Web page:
Neck-Specific Exercise for Headaches & Neck Pain

13 Jun

As screens (televisions, computers, and smartphones/tablets) become an increasingly important part of daily life, many people gradually take on a more slumped posture, which can place added strain on the neck and shoulders, raising the risk for neck pain and headaches. Luckily, it’s possible to improve forward head posture, rounded shoulder posture, and scapular instability with neck-specific exercises and chiropractic care.

In a 2018 study, patients with forward head posture performed either scapular stabilization or neck stabilization exercises for 30 minutes three times a week for four weeks. Participants in both groups experienced improvements related to their craniocervical angle and muscle activity around the upper back and neck, with greater results reported by the scapular stabilization group.

Several studies have shown similar results for improving forward head posture using both scapular and neck stabilization exercises. In another study, high schoolers with forward head posture performed scapular and neck stabilization exercises and exhibited good posture up to four months later.

A 2019 study looked at the effect of a six-week intervention featuring manual therapy and/or stabilizing exercises on 60 women with neck pain and forward head posture. Participants in both the manual therapy/stabilization exercise-combo group and the stabilization exercises-only group reported better outcomes with respect to head posture, pain reduction, and improved function, but the results were best in the combined treatment group. The authors concluded that manual therapy adds a meaningful role to a structured exercise program that addresses scapular and neck instability and forward head and rounded shoulder posture.

Doctors of chiropractic often incorporate exercise training in their treatment recommendations, especially when postural issues may contribute to the patient’s symptoms, like neck pain and headaches.

 

This information should not be substituted for medical or chiropractic advice. Any and all healthcare concerns, decisions, and actions must be done through the advice and counsel of a healthcare professional who is familiar with your updated medical history.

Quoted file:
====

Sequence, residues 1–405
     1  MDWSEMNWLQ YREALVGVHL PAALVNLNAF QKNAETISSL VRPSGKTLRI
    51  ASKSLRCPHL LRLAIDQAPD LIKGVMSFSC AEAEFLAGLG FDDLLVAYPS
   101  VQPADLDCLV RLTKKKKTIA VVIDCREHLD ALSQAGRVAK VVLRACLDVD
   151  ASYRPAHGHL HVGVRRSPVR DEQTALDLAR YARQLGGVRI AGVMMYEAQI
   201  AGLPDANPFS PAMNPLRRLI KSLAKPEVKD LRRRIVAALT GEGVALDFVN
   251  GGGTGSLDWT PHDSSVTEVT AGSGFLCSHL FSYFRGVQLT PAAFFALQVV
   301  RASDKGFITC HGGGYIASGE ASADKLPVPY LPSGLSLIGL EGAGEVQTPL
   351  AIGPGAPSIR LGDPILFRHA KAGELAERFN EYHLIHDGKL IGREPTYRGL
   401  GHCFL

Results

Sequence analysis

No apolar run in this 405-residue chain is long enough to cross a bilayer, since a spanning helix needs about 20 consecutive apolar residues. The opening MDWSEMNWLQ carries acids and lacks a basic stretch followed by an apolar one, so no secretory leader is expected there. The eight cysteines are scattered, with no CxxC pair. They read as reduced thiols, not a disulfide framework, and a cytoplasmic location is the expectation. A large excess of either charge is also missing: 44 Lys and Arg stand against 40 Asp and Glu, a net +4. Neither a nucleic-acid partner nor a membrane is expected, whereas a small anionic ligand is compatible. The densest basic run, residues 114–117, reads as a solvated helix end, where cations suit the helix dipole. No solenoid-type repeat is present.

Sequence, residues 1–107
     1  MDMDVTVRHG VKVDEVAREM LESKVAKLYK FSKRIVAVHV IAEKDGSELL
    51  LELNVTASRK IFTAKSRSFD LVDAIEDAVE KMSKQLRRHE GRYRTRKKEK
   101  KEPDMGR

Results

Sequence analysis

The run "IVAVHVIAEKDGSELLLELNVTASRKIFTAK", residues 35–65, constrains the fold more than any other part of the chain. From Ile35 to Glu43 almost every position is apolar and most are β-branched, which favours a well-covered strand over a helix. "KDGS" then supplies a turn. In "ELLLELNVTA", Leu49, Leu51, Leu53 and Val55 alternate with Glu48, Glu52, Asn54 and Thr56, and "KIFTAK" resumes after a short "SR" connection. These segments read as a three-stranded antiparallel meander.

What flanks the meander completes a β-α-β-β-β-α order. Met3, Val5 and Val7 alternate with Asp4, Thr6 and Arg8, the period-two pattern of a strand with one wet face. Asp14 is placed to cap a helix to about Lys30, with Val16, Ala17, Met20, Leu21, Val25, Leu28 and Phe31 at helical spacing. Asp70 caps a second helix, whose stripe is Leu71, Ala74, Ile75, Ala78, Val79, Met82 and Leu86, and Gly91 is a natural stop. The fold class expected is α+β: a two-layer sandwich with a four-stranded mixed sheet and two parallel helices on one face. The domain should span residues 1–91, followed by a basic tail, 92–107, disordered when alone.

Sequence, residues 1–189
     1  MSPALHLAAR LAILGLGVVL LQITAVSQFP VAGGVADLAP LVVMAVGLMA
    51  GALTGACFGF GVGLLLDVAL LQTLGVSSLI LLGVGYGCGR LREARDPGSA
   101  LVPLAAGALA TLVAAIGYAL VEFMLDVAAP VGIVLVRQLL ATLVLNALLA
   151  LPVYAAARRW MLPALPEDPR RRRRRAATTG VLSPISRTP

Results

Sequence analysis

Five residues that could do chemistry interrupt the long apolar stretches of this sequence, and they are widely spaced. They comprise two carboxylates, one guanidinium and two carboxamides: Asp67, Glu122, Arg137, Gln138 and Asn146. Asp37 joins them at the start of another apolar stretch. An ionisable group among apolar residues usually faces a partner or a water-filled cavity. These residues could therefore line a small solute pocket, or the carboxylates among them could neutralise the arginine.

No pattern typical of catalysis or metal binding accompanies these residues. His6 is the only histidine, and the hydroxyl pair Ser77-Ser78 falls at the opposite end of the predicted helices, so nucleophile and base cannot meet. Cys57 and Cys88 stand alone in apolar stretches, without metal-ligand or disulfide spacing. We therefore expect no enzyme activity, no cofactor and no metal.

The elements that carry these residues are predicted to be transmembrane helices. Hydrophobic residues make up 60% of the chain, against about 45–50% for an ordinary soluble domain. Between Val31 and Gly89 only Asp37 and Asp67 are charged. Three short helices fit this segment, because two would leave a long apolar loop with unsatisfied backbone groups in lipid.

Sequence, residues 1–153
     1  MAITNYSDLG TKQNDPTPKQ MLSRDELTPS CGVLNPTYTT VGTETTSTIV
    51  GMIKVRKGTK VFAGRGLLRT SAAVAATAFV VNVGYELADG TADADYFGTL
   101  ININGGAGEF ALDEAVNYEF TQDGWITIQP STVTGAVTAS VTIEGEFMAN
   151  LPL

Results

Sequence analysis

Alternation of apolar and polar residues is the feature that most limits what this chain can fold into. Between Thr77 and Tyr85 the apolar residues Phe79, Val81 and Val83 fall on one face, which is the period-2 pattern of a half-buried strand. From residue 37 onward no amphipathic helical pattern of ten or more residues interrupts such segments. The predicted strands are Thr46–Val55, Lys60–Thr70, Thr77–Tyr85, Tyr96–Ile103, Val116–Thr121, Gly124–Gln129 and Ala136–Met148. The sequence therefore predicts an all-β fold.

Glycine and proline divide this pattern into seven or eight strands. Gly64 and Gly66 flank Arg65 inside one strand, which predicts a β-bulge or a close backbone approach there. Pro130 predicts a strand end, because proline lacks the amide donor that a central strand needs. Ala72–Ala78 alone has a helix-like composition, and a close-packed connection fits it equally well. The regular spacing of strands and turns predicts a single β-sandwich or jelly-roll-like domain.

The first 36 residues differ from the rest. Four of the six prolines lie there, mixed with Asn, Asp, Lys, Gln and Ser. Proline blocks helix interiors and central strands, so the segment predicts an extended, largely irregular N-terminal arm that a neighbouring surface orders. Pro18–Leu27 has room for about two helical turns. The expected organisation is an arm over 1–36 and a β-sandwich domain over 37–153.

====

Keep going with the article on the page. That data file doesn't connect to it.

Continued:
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Dynamic Stretching for Hip Pain

10 Jun

As we grow older, stretching becomes a more important part of our routine, especially when hip pain is present. Whether you are about to engage in a sport, a job, weight lifting, or errands, it’s best to prepare your muscles for activity. With that said, stretching can be broken down into two main types: static (or passive) and dynamic (or active) stretching.

The available research notes that static stretching (stretching while holding one position, like reaching for your toes) has recovery benefits and is most effective at the end of a workout/competition. However, it can reduce performance when done beforehand, as it relaxes muscles, reduces blood flow and muscle strength, and decreases central nervous system (CNS) activity.

Active warm-ups or dynamic stretching have the opposite effect—they boost blood flow and activate the CNS, which enhances strength, power, and range of motion (ROM) resulting in BOTH immediate and long-term benefits. A 2014 systematic review of 31 studies reported that dynamic stretching that included sprints and plyometrics (movements against resistance) enhanced power and strength performance when compared to static stretching—which did not reduce strength. In a 2010 systematic review of 32 studies investigating active warm-up before engaging in a sport, researchers found that an active warm-up improved performance by 79% across all criteria investigated.